Arnold’s results and conjectures have been extended by Francesca Aicardi in a series of papers:

• Symmetries of quadratic form classes and of quadratic surd continued fractions. Part I: A Poincaré tiling of the de Sitter world, Bull. Braz. Math. Soc., New Series (2009) 40(3), 301–340.
• Symmetries of quadratic form classes and of quadratic surd continued fractions. Part II: Classification of the periods’ palindromes, Bull. Braz. Math. Soc., New Series (2010) 41(1), 83–124.
• The continued fractions of the square roots of integers: on the parity of the length of their period, Funct. Anal. Other Math. (2010) 3, 1–19.
• Red numbers and quadratic field, Funct. Anal. Other Math. (2011) 3 103–112.

The first two papers establish the theoretical framework used in the other two to obtain results on the parity of ${s}$. The terminology “red” is Arnold’s, who calls an integer red iff its period is odd.

Among the results obtained by Aicardi, I mention the following:

Theorem 5

1. If ${n}$ is divisible by a prime ${p\equiv 3\pmod 4}$, or by 4, then ${s(n)}$ is even.
2. If ${s(n)}$ is odd, then the sum of the elements of the period of the continued fraction of ${\sqrt n}$ is even. A partial converse holds: If the sum is even, and ${n}$ is prime, then ${s(n)}$ is is odd.

Additional results require more notation. Given an irrational ${x=a+b\sqrt D}$ with ${a,b\in{\mathbb Q}}$, we can write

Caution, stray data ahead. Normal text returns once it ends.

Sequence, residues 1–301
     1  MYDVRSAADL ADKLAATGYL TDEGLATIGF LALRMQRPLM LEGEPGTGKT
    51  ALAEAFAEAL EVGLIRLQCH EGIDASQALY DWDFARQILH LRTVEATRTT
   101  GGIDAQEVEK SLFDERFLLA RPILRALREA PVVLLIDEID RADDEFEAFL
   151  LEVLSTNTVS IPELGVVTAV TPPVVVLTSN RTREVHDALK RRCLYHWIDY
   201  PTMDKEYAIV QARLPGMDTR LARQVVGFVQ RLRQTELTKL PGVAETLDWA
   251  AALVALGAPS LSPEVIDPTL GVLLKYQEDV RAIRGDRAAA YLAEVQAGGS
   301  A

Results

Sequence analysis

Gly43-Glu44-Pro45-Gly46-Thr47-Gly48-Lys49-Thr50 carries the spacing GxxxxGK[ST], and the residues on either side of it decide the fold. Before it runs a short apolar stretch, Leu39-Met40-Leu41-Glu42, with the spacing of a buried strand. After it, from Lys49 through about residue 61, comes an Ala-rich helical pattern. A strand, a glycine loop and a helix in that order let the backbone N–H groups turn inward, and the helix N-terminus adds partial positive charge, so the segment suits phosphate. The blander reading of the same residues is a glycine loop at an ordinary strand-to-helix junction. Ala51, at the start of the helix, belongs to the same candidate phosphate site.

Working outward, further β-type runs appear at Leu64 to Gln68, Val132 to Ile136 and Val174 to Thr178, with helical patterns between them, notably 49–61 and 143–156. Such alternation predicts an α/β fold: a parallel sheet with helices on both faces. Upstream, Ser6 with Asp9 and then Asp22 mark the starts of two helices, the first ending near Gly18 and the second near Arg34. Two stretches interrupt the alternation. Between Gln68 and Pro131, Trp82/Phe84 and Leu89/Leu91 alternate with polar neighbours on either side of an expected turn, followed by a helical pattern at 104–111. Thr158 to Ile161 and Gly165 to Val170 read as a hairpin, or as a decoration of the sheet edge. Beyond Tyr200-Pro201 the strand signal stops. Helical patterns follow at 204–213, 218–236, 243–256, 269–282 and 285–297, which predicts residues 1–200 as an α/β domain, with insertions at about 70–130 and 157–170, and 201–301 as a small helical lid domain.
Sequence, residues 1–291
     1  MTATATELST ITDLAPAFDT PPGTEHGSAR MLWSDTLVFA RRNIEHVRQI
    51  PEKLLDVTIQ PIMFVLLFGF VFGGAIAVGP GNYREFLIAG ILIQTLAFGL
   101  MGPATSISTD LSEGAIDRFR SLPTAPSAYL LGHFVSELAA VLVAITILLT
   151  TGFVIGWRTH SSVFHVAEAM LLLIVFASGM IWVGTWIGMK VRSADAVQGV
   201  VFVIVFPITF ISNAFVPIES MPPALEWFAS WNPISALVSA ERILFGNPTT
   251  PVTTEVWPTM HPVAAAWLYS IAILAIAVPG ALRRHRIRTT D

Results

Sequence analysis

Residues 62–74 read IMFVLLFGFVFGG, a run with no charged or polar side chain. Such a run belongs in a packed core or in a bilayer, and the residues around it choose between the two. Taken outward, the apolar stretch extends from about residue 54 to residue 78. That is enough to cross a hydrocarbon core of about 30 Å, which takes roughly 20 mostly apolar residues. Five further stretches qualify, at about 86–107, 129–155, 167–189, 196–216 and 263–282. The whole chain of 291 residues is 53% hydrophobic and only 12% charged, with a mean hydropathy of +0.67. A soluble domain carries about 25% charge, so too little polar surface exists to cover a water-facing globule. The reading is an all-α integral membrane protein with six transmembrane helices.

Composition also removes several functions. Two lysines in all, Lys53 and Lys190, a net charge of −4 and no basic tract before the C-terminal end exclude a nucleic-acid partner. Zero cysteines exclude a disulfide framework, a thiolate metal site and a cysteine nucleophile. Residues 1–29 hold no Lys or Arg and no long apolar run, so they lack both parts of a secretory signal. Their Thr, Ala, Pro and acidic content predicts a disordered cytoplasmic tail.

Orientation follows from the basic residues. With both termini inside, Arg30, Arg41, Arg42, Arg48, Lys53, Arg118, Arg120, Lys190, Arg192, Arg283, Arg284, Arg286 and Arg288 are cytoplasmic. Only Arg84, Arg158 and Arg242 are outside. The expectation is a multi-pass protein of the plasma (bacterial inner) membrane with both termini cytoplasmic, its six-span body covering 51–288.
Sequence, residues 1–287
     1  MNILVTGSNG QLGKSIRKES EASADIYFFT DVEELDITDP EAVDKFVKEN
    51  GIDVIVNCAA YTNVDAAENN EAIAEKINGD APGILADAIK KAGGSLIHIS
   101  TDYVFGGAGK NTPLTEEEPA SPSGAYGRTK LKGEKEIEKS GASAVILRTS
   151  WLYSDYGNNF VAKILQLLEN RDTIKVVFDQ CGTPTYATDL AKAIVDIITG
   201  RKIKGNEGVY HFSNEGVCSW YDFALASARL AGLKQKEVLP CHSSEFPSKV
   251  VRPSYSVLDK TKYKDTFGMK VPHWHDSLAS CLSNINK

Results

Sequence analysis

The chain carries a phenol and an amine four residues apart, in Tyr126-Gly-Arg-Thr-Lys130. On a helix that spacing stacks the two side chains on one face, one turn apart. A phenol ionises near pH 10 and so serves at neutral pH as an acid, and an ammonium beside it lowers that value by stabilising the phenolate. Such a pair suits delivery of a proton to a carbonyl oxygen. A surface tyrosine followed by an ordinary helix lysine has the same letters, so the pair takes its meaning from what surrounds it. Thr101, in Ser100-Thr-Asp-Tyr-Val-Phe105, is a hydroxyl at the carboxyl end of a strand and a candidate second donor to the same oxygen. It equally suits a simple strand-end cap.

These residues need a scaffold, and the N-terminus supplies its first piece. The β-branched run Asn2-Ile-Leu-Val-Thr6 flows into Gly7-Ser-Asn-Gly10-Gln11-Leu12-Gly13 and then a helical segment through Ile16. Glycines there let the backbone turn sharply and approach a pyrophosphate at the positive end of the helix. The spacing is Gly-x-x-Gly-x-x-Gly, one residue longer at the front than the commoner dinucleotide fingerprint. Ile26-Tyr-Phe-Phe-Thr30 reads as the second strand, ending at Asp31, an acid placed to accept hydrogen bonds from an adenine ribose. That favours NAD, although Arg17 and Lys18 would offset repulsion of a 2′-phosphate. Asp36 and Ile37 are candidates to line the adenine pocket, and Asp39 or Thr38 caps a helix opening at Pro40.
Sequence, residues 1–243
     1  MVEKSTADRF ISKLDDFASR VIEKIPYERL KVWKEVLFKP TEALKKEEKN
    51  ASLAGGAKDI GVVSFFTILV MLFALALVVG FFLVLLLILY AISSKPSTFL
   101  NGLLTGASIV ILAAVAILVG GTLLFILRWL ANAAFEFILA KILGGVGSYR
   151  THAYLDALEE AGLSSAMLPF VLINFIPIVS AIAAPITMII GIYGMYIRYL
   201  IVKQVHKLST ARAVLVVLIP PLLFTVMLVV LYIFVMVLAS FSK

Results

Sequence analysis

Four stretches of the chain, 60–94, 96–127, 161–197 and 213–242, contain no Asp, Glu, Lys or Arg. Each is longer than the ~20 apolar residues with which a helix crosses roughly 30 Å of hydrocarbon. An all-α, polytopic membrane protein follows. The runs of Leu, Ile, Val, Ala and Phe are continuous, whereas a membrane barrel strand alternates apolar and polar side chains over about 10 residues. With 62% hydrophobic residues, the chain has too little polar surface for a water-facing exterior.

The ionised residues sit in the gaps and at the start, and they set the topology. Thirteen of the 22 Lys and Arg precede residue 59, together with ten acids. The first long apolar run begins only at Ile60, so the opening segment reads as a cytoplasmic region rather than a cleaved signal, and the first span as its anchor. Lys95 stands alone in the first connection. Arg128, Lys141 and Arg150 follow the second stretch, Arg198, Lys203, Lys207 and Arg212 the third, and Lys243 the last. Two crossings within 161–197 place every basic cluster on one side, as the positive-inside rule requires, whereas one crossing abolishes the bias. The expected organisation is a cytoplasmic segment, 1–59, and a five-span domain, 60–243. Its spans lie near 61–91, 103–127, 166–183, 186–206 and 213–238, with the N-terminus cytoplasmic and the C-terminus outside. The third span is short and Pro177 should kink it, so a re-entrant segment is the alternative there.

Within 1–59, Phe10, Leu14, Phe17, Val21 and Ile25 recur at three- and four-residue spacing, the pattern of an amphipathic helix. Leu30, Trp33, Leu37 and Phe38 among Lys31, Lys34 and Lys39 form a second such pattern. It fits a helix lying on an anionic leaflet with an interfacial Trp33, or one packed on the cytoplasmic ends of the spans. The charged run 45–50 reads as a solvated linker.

$\displaystyle x=\frac{-k+\sqrt{k^2-4mn}}{2m}$

for some integers ${m,k,n}$ relatively prime. The discriminant of ${x}$ is ${\Delta=k^2-4mn}$. For such ${x}$, write ${s(x)}$ for the parity of the length of the period of its continued fraction.

Theorem 6 If ${r,t\in{\mathbb Q}(\sqrt n)}$ are irrationals with the same discriminant, then ${s(r)}$ and ${s(t)}$ have the same parity.

Theorem 7 Let ${x\in{\mathbb Q}(\sqrt n)}$ be irrational, where ${n}$ is square free. Let ${\Delta(x)}$ be the discriminant of ${x}$. Then:

• If ${n\equiv 3\pmod 4}$, ${s(x)}$ is even,
• if ${n\equiv 2\pmod 4}$, then ${s(x)}$ is odd iff ${\Delta(x)=4l^2n}$ for some integer ${l}$ such that ${s(l^2n)}$ is odd.
• If ${n\equiv 1\pmod 4}$, then ${s(x)}$ is odd iff ${\Delta(x)=4l^2n}$ or ${l^2n}$ for some odd integer ${l}$ such that ${s(l^2n)}$ is odd.

I do not know of additional results, but numerical evidence suggests that the density of integers ${n}$ with ${s(n)}$ even is rather small. Aicardi computed ${s(n)}$ for ${n<50000}$, finding that for about ${3\%}$ of the integers ${n}$ in this range, we have that ${s(n)}$ is even.